Deadline to Appoint Additional Hong Kong Company Directors Approaches
The most urgent demand of the new law is to promptly appoint at least one director who is a natural person, failing which companies may be subject to legal liabilities and financial penalties.
Jul. 8 – With the aim of modernizing Hong Kong’s Company Law and further enhancing the region’s status as a major international business and financial center, a comprehensive rewrite to the existing Companies Ordinance (CO) was initiated in mid-2006. This long and arduous process began to bear fruit on July 12, 2012 as the Companies Bill was eventually passed by the Hong Kong Legislative Council.
One of the distinct features of the new CO is that it requires every private company to have at least one director who is a natural person, failing to comply may result in legal liabilities and financial penalties. Detailed information can be found below.
Restriction on Appointment of Directors
To enhance the transparency and accountability of directors, the new CO requires every private company (other than a private company that is a member of a group of companies of which a listed company is a member) to have at least one director who is a natural person. However, such restriction only applies to local private companies and does not apply to non-Hong Kong companies registered in Hong Kong.
The new CO maintains the restriction on corporate directorship in the following entities:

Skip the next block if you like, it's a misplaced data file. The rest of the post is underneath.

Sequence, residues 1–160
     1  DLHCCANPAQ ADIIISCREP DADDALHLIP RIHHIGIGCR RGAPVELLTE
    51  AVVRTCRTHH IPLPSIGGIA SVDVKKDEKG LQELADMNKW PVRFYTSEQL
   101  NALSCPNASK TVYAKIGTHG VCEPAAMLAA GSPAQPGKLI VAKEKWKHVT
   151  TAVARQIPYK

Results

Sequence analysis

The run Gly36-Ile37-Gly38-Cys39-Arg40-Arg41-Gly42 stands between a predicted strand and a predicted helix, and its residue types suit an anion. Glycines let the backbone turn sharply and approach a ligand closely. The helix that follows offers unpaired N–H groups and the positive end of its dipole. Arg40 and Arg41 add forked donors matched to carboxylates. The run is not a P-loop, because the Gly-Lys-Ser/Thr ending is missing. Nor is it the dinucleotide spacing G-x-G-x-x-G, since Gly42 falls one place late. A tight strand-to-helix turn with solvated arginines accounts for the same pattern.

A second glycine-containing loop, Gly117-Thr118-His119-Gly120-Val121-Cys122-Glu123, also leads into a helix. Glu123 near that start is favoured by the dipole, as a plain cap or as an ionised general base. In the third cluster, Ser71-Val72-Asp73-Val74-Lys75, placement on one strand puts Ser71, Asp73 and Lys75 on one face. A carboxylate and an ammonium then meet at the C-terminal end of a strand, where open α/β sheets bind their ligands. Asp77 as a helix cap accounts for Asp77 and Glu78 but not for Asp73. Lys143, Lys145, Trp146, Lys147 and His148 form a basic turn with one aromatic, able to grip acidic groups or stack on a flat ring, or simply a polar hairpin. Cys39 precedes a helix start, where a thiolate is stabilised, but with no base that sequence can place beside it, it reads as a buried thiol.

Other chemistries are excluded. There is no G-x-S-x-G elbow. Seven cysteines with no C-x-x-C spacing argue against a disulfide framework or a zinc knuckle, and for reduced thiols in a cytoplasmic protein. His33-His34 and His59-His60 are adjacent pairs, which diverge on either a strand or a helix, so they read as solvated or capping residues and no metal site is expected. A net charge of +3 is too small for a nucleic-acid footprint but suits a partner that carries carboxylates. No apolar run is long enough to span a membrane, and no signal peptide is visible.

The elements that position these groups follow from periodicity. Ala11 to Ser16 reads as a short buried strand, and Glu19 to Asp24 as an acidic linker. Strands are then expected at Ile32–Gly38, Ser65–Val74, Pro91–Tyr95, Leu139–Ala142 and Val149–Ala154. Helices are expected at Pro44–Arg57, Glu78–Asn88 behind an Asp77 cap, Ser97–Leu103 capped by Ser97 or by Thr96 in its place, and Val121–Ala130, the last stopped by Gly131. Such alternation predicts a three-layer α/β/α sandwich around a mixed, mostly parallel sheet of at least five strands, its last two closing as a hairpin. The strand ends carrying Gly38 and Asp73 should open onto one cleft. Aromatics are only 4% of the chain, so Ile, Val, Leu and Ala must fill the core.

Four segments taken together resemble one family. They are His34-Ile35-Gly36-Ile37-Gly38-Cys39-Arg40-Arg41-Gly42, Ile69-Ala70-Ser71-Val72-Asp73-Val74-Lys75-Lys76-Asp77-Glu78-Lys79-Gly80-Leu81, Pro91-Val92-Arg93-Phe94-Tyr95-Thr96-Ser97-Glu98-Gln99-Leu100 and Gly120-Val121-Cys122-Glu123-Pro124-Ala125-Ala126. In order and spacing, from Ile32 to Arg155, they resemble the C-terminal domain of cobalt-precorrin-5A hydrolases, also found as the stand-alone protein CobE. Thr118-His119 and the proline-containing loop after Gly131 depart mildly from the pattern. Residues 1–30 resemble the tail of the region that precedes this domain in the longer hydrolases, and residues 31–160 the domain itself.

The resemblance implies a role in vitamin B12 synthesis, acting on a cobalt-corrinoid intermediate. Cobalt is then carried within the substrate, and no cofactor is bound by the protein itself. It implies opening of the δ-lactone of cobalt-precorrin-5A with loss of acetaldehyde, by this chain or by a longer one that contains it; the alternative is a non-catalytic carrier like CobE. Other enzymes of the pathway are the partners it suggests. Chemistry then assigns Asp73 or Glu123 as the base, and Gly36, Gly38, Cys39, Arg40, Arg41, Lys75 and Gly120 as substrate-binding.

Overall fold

- Public companies
- Companies limited by guarantee
- Private companies which are members of a group of companies of which a listed company is a member
A body corporate cannot be appointed a director to the above-mentioned entities. This restriction, however, does not apply to other private companies which are required to have at least one director who is a natural person to enhance transparency and accountability.
A body corporate can continue to act or be appointed as the director of a private company after the implementation of the new CO, provided such company is not a member of a group of companies of which a listed company is a member. However, the requirement for having at least one director who is a natural person still applies.
It is expected that the new CO will come into operation in 2014 after the enactment of all subsidiary legislation. After the commencement date of the new CO, there will be a grace period of six months for companies registered under the Companies Ordinance (Cap. 32) to comply with the new requirements, and the appointment of new directors of such companies should be reported to the Registrar of Companies in a specified form within 15 days.
However, the grace period is not available to private companies registered under the new CO, and such companies must have at least one natural person as director on incorporation.
Legal Consequences & Fines
The new CO provides that the Registrar of Companies may direct the company to appoint a director who is a natural person in compliance with the requirement. If a company fails to comply with the direction, the company and every responsible person within the company will be deemed to have committed an offense, and each is liable to a fine of HK$100,000. For a continuing offense, a further fine of HK$2,000 is applied for each day during the period.
Dezan Shira & Associates is a specialist foreign direct investment practice, providing corporate establishment, business advisory, tax advisory and compliance, accounting, payroll, due diligence and financial review services to multinationals investing in emerging Asia. Since its establishment in 1992, the firm has grown into one of Asia’s most versatile full-service consultancies with operational offices across China, Hong Kong, India, Singapore and Vietnam as well as liaison offices in Italy and the United States.
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